Teaching Deaf Learners: Psychological and Developmental Foundations (Perspectives on Deafness) 1st Edition, Kindle Edition


Editorial Reviews:


“[The book] recognizes that deaf children’s development is no longer educationally the sole responsibility of specialist staff but instead a partnership between mainstream teachers and qualified TODs.


As such it provides an excellent entry point into the world of deaf teaching for the interested newbie, and a good tool for teachers of the deaf to use in developing the understanding of their colleagues.


Indeed, TODs will welcome the way the book breaks down evidence-based practice into manageable sections which can each be taken as the core of a training session or professional discussion.
It will provide a valuable resource for both teachers of the deaf and mainstream teachers too.”

Hannah Birch, review in Deafness & Education International


About the Author:

Harry Knoors is a professor at the Behavioral Science Institute of the Radboud University Nijmegen, the Netherlands, and general director Knowledge & Innovation at Royal Dutch Kentalis.


Knoors is trained as a psycholinguist, specializing in language and literacy of deaf children.

He is involved in research on childhood deafness (mainly language, literacy, and psychosocial development) and research on the effectiveness of special education.

Marc Marschark is a Professor at the National Technical Institute for the Deaf, a college of Rochester Institute of Technology, where he directs the Center for Education Research Partnerships.

His research focuses on language comprehension and learning by deaf children and adults in formal and informal educational settings.


Product Description:

Teaching Deaf Learners: Psychological and Developmental Foundations explores how deaf students (children and adolescents) learn and the conditions that support their reaching their full cognitive potential — or not.

Beginning with an introduction to teaching and learning of both deaf and hearing students, Knoors and Marschark take an ecological approach to deaf education, emphasizing the need to take into account characteristics of learners and of the educational context.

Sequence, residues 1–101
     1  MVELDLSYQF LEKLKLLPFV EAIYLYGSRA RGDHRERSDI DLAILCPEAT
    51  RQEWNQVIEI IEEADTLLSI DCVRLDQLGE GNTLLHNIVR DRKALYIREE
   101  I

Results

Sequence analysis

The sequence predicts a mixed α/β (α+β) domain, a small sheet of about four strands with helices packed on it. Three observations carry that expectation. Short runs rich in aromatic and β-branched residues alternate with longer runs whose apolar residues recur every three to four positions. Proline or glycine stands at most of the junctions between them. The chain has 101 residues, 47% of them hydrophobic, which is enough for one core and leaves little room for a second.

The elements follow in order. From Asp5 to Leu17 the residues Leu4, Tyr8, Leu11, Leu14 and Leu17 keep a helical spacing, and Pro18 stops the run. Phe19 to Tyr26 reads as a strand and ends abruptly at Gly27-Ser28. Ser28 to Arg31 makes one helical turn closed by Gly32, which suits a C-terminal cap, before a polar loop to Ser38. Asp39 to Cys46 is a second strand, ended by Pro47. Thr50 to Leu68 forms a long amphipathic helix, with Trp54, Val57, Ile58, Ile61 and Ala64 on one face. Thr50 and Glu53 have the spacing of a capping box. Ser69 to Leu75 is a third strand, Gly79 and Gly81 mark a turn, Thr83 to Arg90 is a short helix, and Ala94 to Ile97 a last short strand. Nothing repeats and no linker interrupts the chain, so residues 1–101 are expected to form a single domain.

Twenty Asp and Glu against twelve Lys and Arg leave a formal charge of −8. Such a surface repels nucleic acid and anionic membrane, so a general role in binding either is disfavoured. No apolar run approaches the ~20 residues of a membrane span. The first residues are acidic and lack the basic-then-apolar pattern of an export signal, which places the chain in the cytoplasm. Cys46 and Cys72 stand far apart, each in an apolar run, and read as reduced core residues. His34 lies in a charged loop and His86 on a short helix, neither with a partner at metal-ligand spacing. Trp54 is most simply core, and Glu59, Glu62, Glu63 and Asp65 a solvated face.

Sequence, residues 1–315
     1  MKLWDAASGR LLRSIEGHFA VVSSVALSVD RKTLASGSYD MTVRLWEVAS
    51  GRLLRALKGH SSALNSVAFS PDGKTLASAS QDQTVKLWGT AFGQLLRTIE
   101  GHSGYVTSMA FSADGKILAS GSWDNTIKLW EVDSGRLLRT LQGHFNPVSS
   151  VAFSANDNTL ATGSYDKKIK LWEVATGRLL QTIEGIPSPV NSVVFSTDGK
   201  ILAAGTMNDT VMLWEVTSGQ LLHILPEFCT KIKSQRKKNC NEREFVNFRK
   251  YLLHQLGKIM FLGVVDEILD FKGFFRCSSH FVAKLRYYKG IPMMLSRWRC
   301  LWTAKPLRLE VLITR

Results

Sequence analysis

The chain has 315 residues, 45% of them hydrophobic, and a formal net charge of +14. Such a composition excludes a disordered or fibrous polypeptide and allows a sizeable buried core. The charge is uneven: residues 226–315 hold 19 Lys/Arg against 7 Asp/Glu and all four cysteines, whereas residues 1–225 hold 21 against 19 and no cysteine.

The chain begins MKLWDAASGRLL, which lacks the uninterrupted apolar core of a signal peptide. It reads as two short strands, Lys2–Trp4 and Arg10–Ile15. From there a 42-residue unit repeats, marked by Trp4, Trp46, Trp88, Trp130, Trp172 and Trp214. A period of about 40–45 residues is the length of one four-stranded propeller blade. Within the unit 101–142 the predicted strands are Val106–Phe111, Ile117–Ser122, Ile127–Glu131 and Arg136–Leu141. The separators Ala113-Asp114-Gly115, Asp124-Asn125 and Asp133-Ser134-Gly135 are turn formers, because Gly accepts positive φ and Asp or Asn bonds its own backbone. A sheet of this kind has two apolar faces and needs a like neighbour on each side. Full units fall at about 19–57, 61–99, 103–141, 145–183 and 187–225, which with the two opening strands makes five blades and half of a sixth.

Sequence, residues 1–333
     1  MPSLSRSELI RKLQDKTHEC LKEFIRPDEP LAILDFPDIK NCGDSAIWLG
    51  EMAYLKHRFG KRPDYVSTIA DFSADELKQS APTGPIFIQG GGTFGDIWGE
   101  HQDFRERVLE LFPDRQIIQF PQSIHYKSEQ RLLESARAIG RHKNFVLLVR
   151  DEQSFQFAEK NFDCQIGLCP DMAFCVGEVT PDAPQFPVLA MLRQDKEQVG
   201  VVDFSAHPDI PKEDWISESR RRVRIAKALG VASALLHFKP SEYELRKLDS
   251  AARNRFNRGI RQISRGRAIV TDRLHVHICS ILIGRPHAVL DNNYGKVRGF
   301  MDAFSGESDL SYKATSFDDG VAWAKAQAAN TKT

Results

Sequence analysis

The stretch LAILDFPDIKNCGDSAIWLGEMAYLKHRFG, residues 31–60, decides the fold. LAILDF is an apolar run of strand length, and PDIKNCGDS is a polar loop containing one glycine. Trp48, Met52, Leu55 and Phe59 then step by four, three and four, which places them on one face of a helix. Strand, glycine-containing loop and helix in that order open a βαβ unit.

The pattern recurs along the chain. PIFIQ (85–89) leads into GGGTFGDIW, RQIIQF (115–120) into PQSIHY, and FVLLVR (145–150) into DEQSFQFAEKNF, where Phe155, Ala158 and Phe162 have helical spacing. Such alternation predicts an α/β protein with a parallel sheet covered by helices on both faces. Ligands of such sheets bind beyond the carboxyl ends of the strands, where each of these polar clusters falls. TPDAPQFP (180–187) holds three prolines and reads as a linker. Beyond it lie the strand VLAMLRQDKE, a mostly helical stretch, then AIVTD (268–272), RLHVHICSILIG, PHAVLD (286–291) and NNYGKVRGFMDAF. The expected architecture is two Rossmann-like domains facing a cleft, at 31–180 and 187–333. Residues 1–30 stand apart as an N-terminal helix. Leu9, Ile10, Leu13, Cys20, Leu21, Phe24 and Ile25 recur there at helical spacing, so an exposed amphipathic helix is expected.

Building on the evidence base with respect to developmental and psychological factors in teaching and learning, they describe characteristics of deaf learners which indicate that teaching deaf learners is not, or should not, be the same as teaching hearing learners.

In this volume, Knoors and Marschark explore factors that influence the teaching of deaf learners, including their language proficiency, literacy and numeracy skills, cognitive abilities, and social-emotional factors.

These issues are addressed in separate chapters, with a focus on the importance to all of them of communication and language.

Separate chapters are devoted to the promise of multimedia enhanced education and the possible influences of contextual aspects of the classroom and the school on learning by deaf students.

The book concludes by pointing out the importance of appropriate education of teachers of deaf learners, given the increasing diversity of those students and the contexts in which they are educated.

It bridges the gap between research and practice in teaching and outlines ways to improve teacher education.

About the product:

PROS: eBook features:

  • Highlight, take notes, and search in the book
  • Page numbers are just like the physical edition
  • Create digital flashcards instantly
  • Format: Print Replica

CONS: * This title is not supported on Kindle e-Readers or the Kindle for Windows 8 app.

  • Due to its large file size, this book may take longer to download

 Print Replica format book, available on these devices:

* To read this title on Windows 7, 8, or 10, you can use the Kindle for PC app.
PRICE: $66.39 (Kindle Edition) $15.99 (Hardcover)



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2 Replies to “Perspectives on Deafness Review | Psychological and Developmental Foundations.”

  1. I can personally appreciate what it takes to teach deaf people through the use of sign language and lip reading as i enrolled on a sign language coarse many years ago as my ex girlfriend was deaf. Deaf people find learning any communication skills is very hard and trying to integrate into the hearing world.

    1. Yes Andrew, I agree that deaf people communicating within the ‘hearing community’ could somewhat be a challenging task. I feel it’s more difficult for hearing impaired children, learning new communicating skills, to fit in smoothly with others who don’t have this disability. Other young kids can be cruel. With teasing and bullying on the rise within the school system, a young boy and girl with disabilities, may experience mental and/or emotional issues as he or she ages. 

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